HIT Think

How IT helps nurses improve care in midst of major changes

Register now

Nurses’ role in delivering quality care has expanded over the years, particularly in the areas of establishing and maintaining patient safety, finding workflow efficiencies through evidence-based clinical documentation, and recognizing and responding to social determinants of health.

At the same time, new clinical information tools and trends are giving nurses more information, additionally offering more time to evaluate and respond to patient needs, so that they can make the right decisions and deliver the safest care.

Nurses have perhaps the greatest opportunity to create a safer environment for patients, because they serve as the main point of contact for patients and their families. Beyond these personal interactions, the nurse’s role in maintaining patient safety now includes technology like EHRs, real-time surveillance tools, watch lists, and toolkits that can help avoid adverse outcomes like sepsis and catheter-associated urinary tract infections (CAUTI).

And when documenting patient encounters, nurses also manage patient privacy and protected health information (PHI) by embracing HIPAA-compliant security protocols for handling patient records.

As technology continues to advance and evolve, so, too, will the role of nurses in continuing to keep patients safe—and in making decisions about patient care in a more efficient way.

A 2016 study at the University of Pittsburgh Medical Center found that nurses spend twice as much time using technology as visiting with patients. However, there are ways for an integrated EHR to reduce time spent on documentation and give nurses more opportunity for direct patient care.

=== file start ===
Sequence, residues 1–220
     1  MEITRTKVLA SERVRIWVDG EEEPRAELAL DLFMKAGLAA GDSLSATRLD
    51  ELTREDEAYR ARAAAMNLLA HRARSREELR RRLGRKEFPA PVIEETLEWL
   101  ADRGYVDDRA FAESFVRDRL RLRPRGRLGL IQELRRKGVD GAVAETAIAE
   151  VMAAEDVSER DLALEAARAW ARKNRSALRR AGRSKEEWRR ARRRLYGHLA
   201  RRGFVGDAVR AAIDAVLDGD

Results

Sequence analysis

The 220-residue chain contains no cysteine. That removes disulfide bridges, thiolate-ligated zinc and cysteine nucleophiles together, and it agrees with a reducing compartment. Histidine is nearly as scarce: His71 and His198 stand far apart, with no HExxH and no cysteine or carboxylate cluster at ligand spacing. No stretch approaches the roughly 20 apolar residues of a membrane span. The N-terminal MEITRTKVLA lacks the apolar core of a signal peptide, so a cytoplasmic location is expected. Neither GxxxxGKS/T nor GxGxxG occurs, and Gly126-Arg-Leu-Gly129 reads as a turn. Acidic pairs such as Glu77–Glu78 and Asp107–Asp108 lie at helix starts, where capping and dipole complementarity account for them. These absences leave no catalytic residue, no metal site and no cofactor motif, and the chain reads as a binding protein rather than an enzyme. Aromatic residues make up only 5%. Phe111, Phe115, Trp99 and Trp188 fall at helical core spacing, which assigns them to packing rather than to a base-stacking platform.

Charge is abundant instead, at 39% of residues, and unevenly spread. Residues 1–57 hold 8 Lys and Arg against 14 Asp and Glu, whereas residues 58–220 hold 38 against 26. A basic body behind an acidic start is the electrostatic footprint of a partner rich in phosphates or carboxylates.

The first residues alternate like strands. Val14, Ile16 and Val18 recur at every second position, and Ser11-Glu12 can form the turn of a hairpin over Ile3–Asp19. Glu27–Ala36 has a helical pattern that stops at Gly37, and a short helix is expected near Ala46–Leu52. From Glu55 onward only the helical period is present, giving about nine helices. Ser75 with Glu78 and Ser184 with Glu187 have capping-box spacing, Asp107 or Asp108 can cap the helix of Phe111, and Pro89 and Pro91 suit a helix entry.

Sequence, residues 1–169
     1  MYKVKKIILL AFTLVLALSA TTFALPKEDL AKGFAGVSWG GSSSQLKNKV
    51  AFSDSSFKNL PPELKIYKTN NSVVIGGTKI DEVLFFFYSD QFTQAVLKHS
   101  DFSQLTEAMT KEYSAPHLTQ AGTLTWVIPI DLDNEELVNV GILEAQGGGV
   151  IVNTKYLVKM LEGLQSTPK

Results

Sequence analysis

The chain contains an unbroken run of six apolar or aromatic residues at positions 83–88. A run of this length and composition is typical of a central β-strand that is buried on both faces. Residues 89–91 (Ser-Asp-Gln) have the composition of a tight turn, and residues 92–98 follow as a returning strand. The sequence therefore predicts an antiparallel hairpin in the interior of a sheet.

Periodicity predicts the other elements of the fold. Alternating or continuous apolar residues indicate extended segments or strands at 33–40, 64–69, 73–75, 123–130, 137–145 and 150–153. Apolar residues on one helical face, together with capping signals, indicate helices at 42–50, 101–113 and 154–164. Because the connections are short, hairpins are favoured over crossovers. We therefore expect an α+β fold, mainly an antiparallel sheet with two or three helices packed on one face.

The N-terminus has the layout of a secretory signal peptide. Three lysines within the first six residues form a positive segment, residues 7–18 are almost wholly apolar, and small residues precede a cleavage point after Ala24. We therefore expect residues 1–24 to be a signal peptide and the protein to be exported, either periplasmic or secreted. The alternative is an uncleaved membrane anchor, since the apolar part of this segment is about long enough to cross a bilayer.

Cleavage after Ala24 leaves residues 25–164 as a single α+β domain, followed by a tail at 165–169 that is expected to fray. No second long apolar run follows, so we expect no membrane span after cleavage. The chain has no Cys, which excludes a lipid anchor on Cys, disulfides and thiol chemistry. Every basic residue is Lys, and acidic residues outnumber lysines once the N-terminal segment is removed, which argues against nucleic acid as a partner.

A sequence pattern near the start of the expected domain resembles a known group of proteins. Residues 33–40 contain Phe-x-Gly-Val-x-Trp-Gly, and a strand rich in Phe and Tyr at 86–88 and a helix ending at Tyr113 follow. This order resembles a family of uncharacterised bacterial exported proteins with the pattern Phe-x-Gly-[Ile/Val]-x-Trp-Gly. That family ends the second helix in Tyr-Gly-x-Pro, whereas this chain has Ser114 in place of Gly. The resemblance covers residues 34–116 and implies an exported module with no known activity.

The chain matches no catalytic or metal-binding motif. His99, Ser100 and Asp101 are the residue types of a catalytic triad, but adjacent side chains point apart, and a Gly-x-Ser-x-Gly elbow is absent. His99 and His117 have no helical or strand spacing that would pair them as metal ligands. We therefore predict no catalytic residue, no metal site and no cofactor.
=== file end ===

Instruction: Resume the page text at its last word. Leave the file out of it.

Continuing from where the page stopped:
From surveillance tools that use algorithms to provide actionable, real-time information about patients to documentation tools that can be managed from mobile devices, modern EHRs are intended to improve the nursing workflow to make it as efficient as possible.

Some of the results are truly impressive. At HCA Healthcare, for example, EHR users save an average of two hours of documentation per shift, thanks to their efforts to standardize and reconfigure nursing documentation.

All of these efforts are built on the critical feedback that nurses provide in explaining their workflows, leading to enhanced capabilities of integrated EHRs to meet each provider’s needs.

Giving nurses more time to focus on patient care also improves their ability to view the patient holistically and coordinate care beyond the clinic. Awareness of social determinants of health is growing, because it’s generally recognized that 80 percent of a patient’s health is influenced by factors other than clinical care.

EHRs that empower clinicians to understand the massive influence of SDOH offer a unique opportunity for providers to address patient health outside their practice by integrating their efforts with social workers, clinical pharmacists and community service organizations. Better coordination between these previously disparate organizations can reduce dependence on expensive visits to the emergency department as a social safety net for care.

As medical professionals work to address social determinants of health, they’ve developed creative ways to identify these factors and respond to them, like Bristol Hospital in Connecticut participating in The Connecticut Social Health Initiative project. The project enables the hospital to take an in-depth look at new behavioral health patients in the community and their housing, employment, food and transportation issues. In another example, staff at Frisbie Memorial Hospital also utilized their understanding of its community’s needs by establishing a food program in their town.

In these cases, nurses are typically the first providers to recognize social factors for patients, identify resources and integrate appropriate measures into the plan of care, making them the most appropriate source for information that will help patients beyond the hospital walls.

No matter what changes in healthcare in the next few years, the need for informed nurses who have state-of-the-art tools in providing safe, dependable care to their patients will remain consistent.

For reprint and licensing requests for this article, click here.